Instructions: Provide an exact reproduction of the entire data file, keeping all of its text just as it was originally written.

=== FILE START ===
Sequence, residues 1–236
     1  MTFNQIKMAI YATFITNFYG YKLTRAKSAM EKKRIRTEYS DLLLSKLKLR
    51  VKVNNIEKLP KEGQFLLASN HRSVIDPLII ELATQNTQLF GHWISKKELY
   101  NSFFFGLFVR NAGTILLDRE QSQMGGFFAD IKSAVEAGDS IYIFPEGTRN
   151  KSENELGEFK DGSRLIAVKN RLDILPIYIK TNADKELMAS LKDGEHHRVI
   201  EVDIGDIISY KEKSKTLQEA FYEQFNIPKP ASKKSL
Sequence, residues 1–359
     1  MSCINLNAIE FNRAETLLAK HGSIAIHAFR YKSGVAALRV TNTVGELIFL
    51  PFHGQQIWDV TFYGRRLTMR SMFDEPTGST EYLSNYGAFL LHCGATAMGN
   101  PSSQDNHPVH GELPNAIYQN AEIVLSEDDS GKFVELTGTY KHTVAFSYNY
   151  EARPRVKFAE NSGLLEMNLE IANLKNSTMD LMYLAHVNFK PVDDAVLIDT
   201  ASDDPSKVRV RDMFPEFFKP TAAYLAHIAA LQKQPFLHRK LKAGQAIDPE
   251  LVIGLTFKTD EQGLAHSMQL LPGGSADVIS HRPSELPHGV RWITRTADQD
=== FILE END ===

Sequence, residues 1–236
     1  MTFNQIKMAI YATFITNFYG YKLTRAKSAM EKKRIRTEYS DLLLSKLKLR
    51  VKVNNIEKLP KEGQFLLASN HRSVIDPLII ELATQNTQLF GHWISKKELY
   101  NSFFFGLFVR NAGTILLDRE QSQMGGFFAD IKSAVEAGDS IYIFPEGTRN
   151  KSENELGEFK DGSRLIAVKN RLDILPIYIK TNADKELMAS LKDGEHHRVI
   201  EVDIGDIISY KEKSKTLQEA FYEQFNIPKP ASKKSL
Sequence, residues 1–359
     1  MSCINLNAIE FNRAETLLAK HGSIAIHAFR YKSGVAALRV TNTVGELIFL
    51  PFHGQQIWDV TFYGRRLTMR SMFDEPTGST EYLSNYGAFL LHCGATAMGN
   101  PSSQDNHPVH GELPNAIYQN AEIVLSEDDS GKFVELTGTY KHTVAFSYNY
   151  EARPRVKFAE NSGLLEMNLE IANLKNSTMD LMYLAHVNFK PVDDAVLIDT
   201  ASDDPSKVRV RDMFPEFFKP TAAYLAHIAA LQKQPFLHRK LKAGQAIDPE
   251  LVIGLTFKTD EQGLAHSMQL LPGGSADVIS HRPSELPHGV RWITRTADQD